Jaramillo’s grandfather lives on the property, but she said he left town for vacation “long before” Irma met. Yesterday she stopped at the center to make sure his apartment was okay and said she saw fallen trees still wrapped around power lines and children, not work teams, removing debris from the street.

“This community seems to have been forgotten,” Jaramillo told the New Times. “There’s still a lot of rubbish here. It’s really, really hot. The houses are made of cement blocks, so they heat up very quickly.”

According to Irma, migrant farm workers on the homestead are neglected until activists sound the alarmEXPAND

Courtesy Salma Jaramillo

She said residents she spoke to have no idea when HPS Energy, Homestead’s utility company, is planning to start repairs. She added that the city only sent garbage trucks to the center yesterday, five days after the storm.

“These people, you can only see them sweating,” she said. “You are out here in shorts. You have no choice but to stay outside because it is very hot inside. I tried to contact the main office but I was not given a straight answer.”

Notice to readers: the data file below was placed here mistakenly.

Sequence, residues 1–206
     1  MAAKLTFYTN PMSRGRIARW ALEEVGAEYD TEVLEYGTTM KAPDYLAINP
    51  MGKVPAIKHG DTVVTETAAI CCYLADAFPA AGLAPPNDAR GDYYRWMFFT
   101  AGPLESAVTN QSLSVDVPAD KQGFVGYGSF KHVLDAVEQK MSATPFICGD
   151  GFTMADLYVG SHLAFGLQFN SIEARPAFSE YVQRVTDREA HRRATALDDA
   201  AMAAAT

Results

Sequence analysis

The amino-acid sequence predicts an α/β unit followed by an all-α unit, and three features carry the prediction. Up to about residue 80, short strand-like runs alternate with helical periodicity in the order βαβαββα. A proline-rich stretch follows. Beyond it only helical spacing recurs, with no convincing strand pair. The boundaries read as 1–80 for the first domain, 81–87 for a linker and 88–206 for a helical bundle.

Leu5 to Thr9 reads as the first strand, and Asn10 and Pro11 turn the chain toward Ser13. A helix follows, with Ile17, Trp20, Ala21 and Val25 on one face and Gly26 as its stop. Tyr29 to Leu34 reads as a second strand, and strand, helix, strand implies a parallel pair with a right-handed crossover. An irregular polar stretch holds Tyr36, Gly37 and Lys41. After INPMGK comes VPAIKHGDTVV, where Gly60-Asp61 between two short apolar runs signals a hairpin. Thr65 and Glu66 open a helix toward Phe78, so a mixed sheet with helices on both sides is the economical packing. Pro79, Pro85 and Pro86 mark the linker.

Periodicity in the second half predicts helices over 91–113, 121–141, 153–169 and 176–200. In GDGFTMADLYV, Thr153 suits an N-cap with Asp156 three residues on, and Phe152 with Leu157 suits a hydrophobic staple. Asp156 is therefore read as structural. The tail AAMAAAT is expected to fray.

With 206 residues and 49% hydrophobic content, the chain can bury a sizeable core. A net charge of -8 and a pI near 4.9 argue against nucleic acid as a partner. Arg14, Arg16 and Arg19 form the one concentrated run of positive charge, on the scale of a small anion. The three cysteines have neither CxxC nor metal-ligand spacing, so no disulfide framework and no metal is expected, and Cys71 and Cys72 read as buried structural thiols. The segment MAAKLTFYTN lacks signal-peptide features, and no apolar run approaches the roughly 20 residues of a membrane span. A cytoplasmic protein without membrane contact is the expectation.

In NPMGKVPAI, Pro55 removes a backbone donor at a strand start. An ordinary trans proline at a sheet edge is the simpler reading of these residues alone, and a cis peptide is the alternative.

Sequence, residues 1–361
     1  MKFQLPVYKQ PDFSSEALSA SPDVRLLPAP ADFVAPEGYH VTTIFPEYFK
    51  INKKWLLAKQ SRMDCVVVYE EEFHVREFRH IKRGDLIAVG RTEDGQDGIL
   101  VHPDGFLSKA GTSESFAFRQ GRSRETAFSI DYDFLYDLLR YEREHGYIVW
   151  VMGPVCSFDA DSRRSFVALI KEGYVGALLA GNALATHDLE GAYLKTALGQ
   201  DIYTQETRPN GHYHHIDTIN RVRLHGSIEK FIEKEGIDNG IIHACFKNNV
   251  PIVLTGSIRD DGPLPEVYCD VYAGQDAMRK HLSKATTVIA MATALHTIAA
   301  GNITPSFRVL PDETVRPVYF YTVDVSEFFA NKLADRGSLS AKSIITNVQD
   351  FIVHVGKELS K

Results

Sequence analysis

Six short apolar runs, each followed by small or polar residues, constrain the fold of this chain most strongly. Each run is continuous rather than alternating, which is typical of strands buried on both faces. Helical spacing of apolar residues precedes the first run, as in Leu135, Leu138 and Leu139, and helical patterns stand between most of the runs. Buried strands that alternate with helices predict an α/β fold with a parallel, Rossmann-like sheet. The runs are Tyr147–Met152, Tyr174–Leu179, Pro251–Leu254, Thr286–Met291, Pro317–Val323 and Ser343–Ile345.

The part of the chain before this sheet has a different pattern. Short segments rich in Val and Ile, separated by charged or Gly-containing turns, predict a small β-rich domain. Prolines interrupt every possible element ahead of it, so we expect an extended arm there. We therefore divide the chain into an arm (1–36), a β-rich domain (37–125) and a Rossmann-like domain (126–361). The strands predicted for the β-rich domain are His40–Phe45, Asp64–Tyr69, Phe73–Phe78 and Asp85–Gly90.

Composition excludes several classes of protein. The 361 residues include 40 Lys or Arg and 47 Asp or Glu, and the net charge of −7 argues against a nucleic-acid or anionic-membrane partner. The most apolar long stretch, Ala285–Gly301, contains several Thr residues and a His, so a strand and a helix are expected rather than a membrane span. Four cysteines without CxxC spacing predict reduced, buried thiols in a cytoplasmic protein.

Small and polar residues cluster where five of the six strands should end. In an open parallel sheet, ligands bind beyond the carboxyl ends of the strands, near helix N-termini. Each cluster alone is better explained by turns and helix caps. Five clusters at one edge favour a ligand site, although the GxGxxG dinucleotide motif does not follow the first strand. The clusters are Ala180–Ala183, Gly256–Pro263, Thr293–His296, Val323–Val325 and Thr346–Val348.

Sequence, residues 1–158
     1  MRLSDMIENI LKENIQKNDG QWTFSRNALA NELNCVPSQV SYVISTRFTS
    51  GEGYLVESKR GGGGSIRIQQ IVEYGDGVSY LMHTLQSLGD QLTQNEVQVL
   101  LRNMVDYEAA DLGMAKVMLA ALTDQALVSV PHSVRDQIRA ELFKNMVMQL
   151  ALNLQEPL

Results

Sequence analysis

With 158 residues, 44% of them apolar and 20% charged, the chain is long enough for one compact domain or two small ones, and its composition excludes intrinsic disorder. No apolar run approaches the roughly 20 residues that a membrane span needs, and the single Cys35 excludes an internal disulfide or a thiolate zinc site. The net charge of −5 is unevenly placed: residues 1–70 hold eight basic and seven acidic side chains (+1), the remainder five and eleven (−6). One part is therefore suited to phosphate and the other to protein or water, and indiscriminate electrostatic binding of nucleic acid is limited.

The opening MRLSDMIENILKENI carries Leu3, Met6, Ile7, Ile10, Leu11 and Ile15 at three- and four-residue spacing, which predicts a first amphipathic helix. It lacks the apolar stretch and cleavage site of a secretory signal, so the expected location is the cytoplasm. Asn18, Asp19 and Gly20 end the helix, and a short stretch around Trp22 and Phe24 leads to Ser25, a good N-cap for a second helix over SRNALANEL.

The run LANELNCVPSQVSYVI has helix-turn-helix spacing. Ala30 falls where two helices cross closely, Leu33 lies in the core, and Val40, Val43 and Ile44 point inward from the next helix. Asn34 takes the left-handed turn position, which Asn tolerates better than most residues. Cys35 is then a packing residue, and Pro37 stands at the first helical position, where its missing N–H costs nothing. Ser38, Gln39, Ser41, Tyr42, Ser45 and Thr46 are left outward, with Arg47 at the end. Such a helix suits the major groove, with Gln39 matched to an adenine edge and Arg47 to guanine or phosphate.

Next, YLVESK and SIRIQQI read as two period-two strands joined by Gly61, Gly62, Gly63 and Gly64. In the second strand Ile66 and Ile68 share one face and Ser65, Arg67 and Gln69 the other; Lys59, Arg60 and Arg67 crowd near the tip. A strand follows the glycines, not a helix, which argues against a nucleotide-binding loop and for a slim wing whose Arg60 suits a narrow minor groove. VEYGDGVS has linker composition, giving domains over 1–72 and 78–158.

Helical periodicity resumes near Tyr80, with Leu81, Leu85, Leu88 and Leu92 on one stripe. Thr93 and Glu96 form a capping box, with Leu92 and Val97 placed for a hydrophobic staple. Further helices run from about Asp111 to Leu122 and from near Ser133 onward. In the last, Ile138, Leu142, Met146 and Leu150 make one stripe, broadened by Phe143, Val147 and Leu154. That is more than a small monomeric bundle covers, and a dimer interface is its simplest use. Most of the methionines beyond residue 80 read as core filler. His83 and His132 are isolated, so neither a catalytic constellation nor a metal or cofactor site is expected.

HPS Energy didn’t respond to a call from the New Times yesterday. But Brandy Ramirez, the Homestead Housing Authority’s manager for the site, said on the phone around 3 p.m. that HPS had promised residents that it would bring the entire city back on stream by Sunday evening. FPL gave the rest of South Florida the same amount of time.

“They posted this on their website and gave assurances that all houses within the city limits would have electricity by then,” Ramirez said yesterday. “They assured us that this would include the South Dade Center and assured us that the center is on their big list of places that need to be done.”

Meanwhile, Ramirez said, city officials plan to hold events in the coming days to reassure residents of the center that they will not be invisible.

“I’ve seen some city officials go out and reassure these families that they have not been forgotten and that power is coming soon,” Ramirez said. “Thank goodness we’re getting a lot of support from the city, the office of Commissioner Daniella Levine Cava, and we’ll bring food for families, ice cream and everything.”